Phoenix Police Pull Over Waymo Vehicle for Wrong-Way Driving

Phoenix Police Pull Over Waymo Vehicle for Wrong-Way Driving

In a scene straight out of a sci-fi movie, a Phoenix police officer found himself in an unusual traffic stop last month when he pulled over a vehicle driving on the wrong side of the road—only to discover there was no one behind the wheel.

The incident, which occurred on June 19 near Seventh Avenue and Osborn Road, involved a driverless Waymo vehicle that had veered into oncoming traffic. Bodycam footage captured the surreal moment when the officer approached the car, muttering, "There's no driver," before attempting to engage with the vehicle's AI system.

"Hi," the officer said to the empty driver's seat, prompting the car's system to respond robotically, "Connecting to rider support." What followed was a bizarre exchange between law enforcement and customer support, with the officer explaining to a Waymo representative that the autonomous vehicle had "drove into oncoming lanes of traffic."

The incident, which lasted approximately one minute, ended without a citation. As one dispatcher noted in the police records, they were "UNABLE TO ISSUE CITATION TO COMPUTER."

Waymo, the Alphabet-owned company behind the self-driving technology, has since released a statement attributing the mishap to "inconsistent construction signage." According to the company, the vehicle encountered confusing road signs in a construction area, causing it to enter the wrong lane. Waymo claims the car was then "blocked from navigating back into the correct lane" for about 30 seconds before proceeding to a nearby parking lot.

This incident raises important questions about the readiness of autonomous vehicles for real-world scenarios, particularly in areas with ongoing construction or unclear signage. It also highlights the need for updated protocols in law enforcement when dealing with driverless vehicles.

While companies like Waymo argue that autonomous vehicles are statistically safer than human drivers, incidents like these fuel ongoing debates about the technology's reliability. The National Highway Traffic Safety Administration recently opened an investigation into Waymo following 31 reported incidents, 14 of which occurred in Arizona.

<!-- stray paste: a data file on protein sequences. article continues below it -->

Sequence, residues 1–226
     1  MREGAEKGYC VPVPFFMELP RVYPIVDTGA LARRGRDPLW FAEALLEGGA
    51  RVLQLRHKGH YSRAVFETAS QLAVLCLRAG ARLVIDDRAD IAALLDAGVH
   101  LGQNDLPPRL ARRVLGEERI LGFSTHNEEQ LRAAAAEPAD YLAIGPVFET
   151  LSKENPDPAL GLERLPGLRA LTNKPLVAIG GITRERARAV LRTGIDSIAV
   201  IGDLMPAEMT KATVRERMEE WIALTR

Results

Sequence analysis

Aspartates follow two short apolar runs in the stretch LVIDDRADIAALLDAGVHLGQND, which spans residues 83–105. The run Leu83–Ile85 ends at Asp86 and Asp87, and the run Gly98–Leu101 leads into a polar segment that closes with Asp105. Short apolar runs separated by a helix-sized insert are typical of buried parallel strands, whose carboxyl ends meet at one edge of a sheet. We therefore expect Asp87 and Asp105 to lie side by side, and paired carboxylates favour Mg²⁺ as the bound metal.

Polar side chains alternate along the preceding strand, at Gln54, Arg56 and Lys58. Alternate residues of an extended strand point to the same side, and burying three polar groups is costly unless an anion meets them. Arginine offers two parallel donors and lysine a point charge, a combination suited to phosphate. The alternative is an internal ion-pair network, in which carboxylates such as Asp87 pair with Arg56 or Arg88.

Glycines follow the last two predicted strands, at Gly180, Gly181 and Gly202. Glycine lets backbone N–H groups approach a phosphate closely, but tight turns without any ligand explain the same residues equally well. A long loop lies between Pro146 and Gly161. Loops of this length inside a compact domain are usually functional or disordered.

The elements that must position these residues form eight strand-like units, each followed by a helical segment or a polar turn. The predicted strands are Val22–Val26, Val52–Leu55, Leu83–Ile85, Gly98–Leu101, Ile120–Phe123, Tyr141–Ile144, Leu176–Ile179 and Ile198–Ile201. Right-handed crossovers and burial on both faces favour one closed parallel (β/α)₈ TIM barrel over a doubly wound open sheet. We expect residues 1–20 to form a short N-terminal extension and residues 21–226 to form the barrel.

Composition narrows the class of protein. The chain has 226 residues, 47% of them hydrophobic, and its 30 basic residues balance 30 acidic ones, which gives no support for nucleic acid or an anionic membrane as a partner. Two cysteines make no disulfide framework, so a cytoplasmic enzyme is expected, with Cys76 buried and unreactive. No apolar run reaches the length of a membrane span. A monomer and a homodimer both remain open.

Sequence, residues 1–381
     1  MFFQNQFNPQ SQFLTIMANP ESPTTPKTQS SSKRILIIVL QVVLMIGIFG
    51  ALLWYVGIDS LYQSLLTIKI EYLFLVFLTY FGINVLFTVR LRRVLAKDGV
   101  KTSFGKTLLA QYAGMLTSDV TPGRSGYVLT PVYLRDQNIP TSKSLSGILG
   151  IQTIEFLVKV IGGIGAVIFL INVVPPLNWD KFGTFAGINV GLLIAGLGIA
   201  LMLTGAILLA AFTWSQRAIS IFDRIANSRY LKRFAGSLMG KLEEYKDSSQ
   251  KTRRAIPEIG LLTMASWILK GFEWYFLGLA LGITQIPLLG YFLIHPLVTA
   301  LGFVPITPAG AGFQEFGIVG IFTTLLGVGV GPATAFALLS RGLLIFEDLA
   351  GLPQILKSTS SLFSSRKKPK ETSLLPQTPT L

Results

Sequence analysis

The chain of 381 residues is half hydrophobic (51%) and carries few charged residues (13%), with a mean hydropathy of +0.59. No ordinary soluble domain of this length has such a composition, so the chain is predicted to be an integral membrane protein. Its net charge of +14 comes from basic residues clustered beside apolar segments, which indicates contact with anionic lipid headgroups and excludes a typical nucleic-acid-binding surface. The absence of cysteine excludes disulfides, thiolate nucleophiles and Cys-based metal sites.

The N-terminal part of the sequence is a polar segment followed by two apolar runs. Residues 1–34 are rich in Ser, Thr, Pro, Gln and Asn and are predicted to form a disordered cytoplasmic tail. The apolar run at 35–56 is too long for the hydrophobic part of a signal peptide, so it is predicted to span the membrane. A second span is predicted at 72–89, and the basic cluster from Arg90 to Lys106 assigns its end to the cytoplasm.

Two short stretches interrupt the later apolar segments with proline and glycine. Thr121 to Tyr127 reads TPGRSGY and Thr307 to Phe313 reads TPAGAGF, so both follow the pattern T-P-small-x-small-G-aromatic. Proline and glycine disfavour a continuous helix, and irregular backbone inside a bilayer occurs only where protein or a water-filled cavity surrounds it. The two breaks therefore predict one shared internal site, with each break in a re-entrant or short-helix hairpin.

This isn't the first time autonomous vehicles have had run-ins with law enforcement. In 2022, a similar incident in San Francisco went viral when police pulled over a driverless Cruise vehicle for operating without headlights at night. In that case, the vehicle initially stopped for officers but then drove away, pulling over again at a safer location. These incidents highlight the unique challenges and considerations that come with the growing presence of autonomous vehicles on our roads.

As cities like Phoenix continue to serve as testing grounds for self-driving technology, the interaction between these AI-driven vehicles and traditional law enforcement will likely become more common. This incident serves as a reminder that as we navigate the future of transportation, we're bound to encounter a few wrong turns along the way.

For now, Phoenix police and autonomous vehicle companies are working to streamline communication protocols. Officers can use an intercom system to speak with remote operators or call a dedicated phone number when they encounter driverless vehicles on the road.

As one passerby noted to the officer during the stop, drawn by "morbid curiosity," these incidents offer a glimpse into a future where traffic stops might involve more troubleshooting than ticket-writing. It's a brave new world on our roads, and everyone—human and AI alike—is still learning the rules.

Chris McKay is the founder and chief editor of Maginative. His thought leadership in AI literacy and strategic AI adoption has been recognized by top academic institutions, media, and global brands.

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